Half Note Jazz Club |

Vinicius Cantuária was born in Manaus, Amazonas, Brazil, living there until he was seven, when his family moved to Rio. As singer, songwriter, guitarist and percussionist, his career connects several zones of Brazilian music. And though his music is known for its decidedly twenty-first century feel, Cantuária’s band might best be described as ‘post-electronica acoustic’ – a band that includes jazz bassist Paul Socolow, Michael Leonhart (the young Steely Dan trumpeter) and a rotating crew of Brazilian percussionists Nanny Assis, Mauro Refosco and legendary drummer Paulo Braga. Their repertoire typically includes songs by Jobim and Gilberto Gil, as well as Cantuária’s own fund of songs.
Cantuária’s albums, always critics’ favorites, have featured collaborations with some of the starrier names in left-field commercial music: Laurie Anderson, David Byrne, Brian Eno, Bill Frisell, and Arto Lindsay. Though artists such as Anderson, Frisell and Lindsay have a common touch, there is always an awkwardness to their music: they don’t worry about ugly sounds. They are prepared to confront their sophisticated audiences as well as delight them. Cantuária, by contrast, rarely produces anything that is not beautiful. He might express enthusiastic interest in DJ Spooky and the scratchy rhythms of laptop blip-hop, trade vocals with David Byrne or duet with Marc Ribot, but the end-result is always tuneful, light, fleet and musical.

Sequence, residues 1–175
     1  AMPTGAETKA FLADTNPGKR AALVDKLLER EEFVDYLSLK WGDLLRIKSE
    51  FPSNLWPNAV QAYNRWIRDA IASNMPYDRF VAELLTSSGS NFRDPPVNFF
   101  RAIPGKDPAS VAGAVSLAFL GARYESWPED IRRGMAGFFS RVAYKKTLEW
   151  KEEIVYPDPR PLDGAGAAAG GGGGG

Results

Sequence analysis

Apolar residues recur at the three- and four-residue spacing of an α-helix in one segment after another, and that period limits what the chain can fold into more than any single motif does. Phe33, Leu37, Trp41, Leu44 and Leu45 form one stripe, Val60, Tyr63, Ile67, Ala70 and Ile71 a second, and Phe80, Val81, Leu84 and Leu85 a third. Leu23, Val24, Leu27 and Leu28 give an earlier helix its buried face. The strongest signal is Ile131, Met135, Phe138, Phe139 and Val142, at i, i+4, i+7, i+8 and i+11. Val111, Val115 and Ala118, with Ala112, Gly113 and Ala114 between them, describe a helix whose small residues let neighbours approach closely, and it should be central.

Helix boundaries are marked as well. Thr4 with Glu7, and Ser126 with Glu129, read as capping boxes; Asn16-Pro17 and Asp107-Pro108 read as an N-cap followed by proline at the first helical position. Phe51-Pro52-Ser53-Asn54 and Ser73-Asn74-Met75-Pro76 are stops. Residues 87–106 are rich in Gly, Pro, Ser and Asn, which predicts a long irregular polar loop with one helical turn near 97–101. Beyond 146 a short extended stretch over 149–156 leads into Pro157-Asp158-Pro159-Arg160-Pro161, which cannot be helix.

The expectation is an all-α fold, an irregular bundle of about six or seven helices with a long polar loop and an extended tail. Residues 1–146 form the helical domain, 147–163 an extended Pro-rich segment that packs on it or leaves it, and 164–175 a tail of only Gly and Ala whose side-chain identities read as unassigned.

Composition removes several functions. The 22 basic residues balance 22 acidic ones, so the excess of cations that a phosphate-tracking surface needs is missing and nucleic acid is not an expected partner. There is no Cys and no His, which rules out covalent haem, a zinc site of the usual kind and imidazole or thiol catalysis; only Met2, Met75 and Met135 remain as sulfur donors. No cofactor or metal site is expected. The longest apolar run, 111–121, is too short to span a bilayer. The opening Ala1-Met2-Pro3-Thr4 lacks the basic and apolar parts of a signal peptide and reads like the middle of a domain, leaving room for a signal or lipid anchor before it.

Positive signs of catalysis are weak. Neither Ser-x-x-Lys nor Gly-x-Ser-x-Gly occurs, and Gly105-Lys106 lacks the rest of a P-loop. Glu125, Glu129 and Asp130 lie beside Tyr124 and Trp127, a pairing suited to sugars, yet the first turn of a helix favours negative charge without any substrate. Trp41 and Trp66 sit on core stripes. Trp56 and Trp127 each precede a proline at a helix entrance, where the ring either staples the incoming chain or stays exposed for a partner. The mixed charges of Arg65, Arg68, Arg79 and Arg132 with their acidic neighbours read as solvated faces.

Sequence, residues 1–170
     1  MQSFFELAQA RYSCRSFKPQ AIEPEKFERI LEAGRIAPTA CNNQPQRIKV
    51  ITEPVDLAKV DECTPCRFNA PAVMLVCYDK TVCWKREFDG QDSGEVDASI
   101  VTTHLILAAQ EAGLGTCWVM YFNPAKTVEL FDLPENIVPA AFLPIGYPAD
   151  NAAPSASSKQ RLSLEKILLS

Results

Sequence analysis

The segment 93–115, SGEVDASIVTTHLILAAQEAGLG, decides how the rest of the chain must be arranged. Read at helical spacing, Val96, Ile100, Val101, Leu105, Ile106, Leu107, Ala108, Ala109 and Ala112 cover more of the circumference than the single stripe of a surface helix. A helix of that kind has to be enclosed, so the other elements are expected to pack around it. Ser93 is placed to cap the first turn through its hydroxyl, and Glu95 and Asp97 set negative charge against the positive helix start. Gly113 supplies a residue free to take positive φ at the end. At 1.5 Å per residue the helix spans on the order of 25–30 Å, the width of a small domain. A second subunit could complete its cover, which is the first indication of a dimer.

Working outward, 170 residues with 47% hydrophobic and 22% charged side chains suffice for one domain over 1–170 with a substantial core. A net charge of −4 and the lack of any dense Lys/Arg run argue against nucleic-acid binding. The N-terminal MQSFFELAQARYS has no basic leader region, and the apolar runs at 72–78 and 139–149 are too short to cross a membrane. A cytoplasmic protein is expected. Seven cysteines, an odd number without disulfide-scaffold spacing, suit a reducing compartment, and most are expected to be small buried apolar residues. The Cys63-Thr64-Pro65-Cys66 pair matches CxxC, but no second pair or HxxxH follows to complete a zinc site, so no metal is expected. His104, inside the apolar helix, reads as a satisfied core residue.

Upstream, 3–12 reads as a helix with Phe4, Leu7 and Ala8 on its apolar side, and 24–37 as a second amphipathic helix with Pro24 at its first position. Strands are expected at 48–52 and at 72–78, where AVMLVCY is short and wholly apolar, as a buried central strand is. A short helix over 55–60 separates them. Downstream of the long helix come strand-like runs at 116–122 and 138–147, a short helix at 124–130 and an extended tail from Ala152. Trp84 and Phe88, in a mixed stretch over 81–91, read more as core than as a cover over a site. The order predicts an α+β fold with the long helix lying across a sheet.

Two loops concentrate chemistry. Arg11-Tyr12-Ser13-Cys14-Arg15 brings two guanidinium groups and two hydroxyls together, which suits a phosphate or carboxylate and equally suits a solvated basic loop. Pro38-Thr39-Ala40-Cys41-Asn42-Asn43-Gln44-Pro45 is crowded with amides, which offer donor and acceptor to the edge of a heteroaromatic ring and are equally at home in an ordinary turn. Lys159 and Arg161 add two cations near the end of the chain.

…When you press Cantuária for his definition of contemporary music, his terms of reference remain thoroughly popular. He talks about the enduring freshness of British pop music: the Beatles, the Rolling Stones. ‘Contemporary music for me is something like Jobim, Eno. If you listen to music from the 1980’s, like Duran Duran or Tears for Fears it now sounds old because of the synthesizers. But ‘Satisfaction’ still sounds good. It’s like buying a good pair of traditional black shoes, that will last you ten years,’ he says.

Is that the way we should talk about Cantuária’s own songs? Music like shoes made the traditional way, properly stitched together, weatherproof and comfortable, improving with age. ‘I wanna do beautiful music, to play in small jazz clubs,’ says Cantuária. There’s that word again: ‘beautiful’. He doesn’t talk like a million-selling pop veteran . ‘I try reminding people of Miles Davis and Chet Baker – the music and harmonies are so sweet. This is my Fab Four: Bill Evans, Miles Davis, Tom Jobim and Chet Baker.’ John L. Walters 2003

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26/10/2011 – 30/10/2011

17, Trivonianou Str. Mets
11636, Athens, Greece


Monday-Sunday 11.30-19.30: tel +30 210 9213310

After 20.00: tel +30 210 9232360

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